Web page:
After Minor Accident: Information Guide & Helpful Procedures

After Minor Accident

Information Guide

Helpful Procedures

Alice Yao | Updated July 13th, 2020

As a driver, the worst moment has to be that instant right after you got into a car accident. It is perfectly normal to feel confused, distraught, and anxious right after a collision.

Fortunately, you are ok and so is the other driver. There are a lot of minor accidents on the roads. According to the National Highway Traffic Safety Administration, more than 5 million property-only accidents took place in the United States in 2016.*

Below is an excellent guide to help you through the challenging moments following a minor car accident. 

It is recommended to bookmark this accident guide just in case you find yourself needing to reference these steps. It could even come in useful in a situation where you are a passenger or when you witness an accident and try to help those involved.

Car Accident

Step 1: Pull over to a safe spot

If you are involved in a minor car accident on the road or freeway, make sure you pull over to a safe spot first. Remaining on the road or other unsafe areas could result in further damage to you and other cars. 

If you are unable to move your car and it is unsafe to remain with your car, walk to a safe location such as behind a road barrier and wait for help. 

Step 2: Report the accident to police

Once you are in a safe location, contact the police right away to report the accident. 

The dispatcher on the phone will inform you if a police officer is en route to the accident scene and provide you with an estimated arrival time of the officer.

While waiting for the police to arrive, you may approach the driver or passengers of the other car. However, always refrain from apologizing or discussing any accident details with them.

Step 3: Take photos of all the cars involved

If you are in a safe location, use your phone to take several photos of all the cars involved. In particular, focus on the damaged areas of the cars. It is also helpful to take a clear picture of license plates of the other car(s).

These photos will be helpful to illustrate how the accident took place and may be beneficial during the claim process.

Step 4: Look for witness

If there are pedestrians or other drivers nearby who may have witnessed the accident, inquire if they would be willing to provide their name and contact information to you.

A statement from independent witnesses can come in very handy in certain claim situations.

Step 5: Obtain documents from police

After the police officer arrives, he or she will gather all the information needed for a collision report, including your account of how the accident happened. The officer will then hand you a document known as the "Exchange of Information." This document contains information of all vehicles, and drivers involved in the accident, necessary to file a complete insurance claim.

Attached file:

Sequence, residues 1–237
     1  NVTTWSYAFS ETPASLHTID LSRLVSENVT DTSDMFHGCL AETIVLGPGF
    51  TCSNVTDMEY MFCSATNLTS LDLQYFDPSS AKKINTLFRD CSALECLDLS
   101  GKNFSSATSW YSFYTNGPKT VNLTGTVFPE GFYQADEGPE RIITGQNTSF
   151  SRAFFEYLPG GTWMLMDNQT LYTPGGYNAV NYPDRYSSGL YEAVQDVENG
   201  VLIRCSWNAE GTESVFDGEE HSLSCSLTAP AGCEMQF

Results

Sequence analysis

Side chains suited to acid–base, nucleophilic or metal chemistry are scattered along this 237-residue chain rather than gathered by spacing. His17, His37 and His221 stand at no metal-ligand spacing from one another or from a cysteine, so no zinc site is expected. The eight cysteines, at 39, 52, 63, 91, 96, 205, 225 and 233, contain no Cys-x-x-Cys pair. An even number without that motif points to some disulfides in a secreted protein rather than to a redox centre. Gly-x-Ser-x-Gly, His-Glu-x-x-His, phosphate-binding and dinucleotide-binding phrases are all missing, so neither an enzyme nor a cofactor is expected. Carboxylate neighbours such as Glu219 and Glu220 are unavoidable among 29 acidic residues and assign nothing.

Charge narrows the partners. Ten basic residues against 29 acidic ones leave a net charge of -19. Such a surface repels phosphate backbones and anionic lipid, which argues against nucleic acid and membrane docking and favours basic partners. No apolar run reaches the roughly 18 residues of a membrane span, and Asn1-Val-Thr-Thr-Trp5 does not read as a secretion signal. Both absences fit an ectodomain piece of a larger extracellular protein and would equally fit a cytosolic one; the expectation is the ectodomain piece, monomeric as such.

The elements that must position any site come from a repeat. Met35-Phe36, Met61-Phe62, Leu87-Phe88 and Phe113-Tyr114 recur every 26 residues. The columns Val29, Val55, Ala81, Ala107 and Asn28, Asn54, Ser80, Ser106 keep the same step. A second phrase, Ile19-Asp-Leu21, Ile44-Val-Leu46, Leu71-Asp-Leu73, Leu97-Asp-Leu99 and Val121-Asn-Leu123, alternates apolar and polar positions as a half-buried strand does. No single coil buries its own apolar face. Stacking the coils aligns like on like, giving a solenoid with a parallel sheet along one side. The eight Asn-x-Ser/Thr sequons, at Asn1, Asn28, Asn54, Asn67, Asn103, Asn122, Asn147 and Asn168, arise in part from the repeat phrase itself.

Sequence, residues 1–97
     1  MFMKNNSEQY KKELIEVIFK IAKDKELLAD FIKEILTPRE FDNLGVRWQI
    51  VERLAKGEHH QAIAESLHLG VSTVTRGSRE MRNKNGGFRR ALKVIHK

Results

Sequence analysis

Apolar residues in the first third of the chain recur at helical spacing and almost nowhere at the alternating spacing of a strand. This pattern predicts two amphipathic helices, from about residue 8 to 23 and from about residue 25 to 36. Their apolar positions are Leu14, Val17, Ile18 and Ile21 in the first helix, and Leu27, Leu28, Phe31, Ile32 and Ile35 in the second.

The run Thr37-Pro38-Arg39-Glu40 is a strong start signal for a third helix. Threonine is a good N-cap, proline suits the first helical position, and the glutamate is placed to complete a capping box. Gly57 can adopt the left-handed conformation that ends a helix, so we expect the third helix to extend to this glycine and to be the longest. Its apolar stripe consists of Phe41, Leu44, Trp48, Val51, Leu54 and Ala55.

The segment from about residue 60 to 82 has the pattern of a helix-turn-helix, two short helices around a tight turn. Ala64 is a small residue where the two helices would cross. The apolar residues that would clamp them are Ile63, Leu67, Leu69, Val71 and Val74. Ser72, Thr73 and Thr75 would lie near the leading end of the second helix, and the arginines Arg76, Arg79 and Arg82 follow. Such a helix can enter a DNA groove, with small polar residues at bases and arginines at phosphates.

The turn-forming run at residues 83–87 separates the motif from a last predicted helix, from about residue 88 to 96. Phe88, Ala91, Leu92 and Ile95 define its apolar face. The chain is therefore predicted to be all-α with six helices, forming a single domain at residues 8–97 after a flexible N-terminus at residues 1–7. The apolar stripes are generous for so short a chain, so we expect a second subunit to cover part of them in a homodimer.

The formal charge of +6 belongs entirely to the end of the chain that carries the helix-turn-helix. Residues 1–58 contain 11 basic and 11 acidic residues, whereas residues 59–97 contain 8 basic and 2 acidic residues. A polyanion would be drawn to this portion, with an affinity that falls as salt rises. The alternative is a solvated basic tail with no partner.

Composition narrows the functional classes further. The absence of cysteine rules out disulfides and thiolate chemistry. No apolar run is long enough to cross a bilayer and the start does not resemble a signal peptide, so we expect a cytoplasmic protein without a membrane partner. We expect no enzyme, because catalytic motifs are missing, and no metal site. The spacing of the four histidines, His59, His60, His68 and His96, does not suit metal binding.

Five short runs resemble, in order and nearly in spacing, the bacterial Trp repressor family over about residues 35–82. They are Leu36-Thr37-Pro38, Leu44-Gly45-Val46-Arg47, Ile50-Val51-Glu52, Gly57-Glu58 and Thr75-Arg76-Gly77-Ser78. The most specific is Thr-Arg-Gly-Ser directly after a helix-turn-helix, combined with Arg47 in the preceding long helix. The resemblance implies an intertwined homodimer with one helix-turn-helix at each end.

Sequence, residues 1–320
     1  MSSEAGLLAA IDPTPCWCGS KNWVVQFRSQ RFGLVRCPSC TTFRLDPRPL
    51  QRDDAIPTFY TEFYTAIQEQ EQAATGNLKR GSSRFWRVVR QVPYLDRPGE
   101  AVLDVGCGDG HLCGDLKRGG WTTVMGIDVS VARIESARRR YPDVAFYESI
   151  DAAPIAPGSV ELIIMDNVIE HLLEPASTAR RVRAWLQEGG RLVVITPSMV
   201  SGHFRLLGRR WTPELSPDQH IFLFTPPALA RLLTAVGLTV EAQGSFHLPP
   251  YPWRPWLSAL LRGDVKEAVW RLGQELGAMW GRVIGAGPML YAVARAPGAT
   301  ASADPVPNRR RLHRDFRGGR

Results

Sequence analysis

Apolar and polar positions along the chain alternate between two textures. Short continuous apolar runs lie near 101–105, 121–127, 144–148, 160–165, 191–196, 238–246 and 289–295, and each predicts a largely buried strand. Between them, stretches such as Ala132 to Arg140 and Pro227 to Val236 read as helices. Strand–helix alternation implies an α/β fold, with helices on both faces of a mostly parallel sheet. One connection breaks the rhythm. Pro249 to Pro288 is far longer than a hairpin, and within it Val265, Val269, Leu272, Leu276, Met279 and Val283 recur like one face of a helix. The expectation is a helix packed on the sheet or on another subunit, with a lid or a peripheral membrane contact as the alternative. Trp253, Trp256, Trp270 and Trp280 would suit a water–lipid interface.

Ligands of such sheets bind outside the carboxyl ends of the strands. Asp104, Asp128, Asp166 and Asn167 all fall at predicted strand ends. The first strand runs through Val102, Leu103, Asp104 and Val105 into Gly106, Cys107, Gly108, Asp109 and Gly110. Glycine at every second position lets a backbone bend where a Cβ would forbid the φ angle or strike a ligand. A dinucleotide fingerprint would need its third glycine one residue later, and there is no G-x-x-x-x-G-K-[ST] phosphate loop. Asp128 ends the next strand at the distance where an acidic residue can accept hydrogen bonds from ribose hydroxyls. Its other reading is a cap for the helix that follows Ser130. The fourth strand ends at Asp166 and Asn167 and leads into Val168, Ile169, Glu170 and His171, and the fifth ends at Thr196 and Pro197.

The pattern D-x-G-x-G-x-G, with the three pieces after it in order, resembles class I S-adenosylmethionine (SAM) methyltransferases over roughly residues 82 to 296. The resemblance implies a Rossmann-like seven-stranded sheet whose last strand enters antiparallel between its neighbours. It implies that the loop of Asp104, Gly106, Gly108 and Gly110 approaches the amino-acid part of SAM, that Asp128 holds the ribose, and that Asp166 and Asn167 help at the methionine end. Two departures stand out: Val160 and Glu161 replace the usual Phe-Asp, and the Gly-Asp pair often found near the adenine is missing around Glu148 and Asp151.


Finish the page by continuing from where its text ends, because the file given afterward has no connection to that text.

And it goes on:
We encourage you to take a picture of this document with your phone, for safekeeping purposes and to send it to your insurance agent.

Step 5a: Obtain documents from the other driver

In the scenario where the police does not respond to the accident scene, remember to obtain information from the other driver directly, including the driver's:

  • Name
  • Contact information
  • Insurance information

The easiest way is to snap a picture with your phone of the driver's:

  • License
  • Car registration
  • Insurance card

Step 6: Call for towing service

If your car is not safe to drive, it will have to be towed. If you have an emergency roadside assistance membership such as AAA or Allstate Motor Club, you can call for towing service directly using your membership.

Responding police officer or your insurance agent can also help to call for towing service on your behalf. 

Remember, you will need to provide your tow truck driver a destination for your car, either an auto body shop or back home. If you are not able to decide right away, the tow truck driver can also tow it back to their tow yard in the meantime.

Cost relating to towing

Note that most tow yards do charge a storage fee while your car is stored in their premises. 

Keep in mind, if you did not go through a roadside assistance membership or called a tow truck yourself, you will be responsible for the towing cost. If you carry collision coverage on your auto policy, this towing cost will most likely be covered under your collision coverage.

Step 7: Contact your insurance agent

As soon as you are able, call your insurance agent to report the incident. Forward all of the information obtained through above steps including pictures of documents, and your agent will be able to file a claim and guide you through the claim process.


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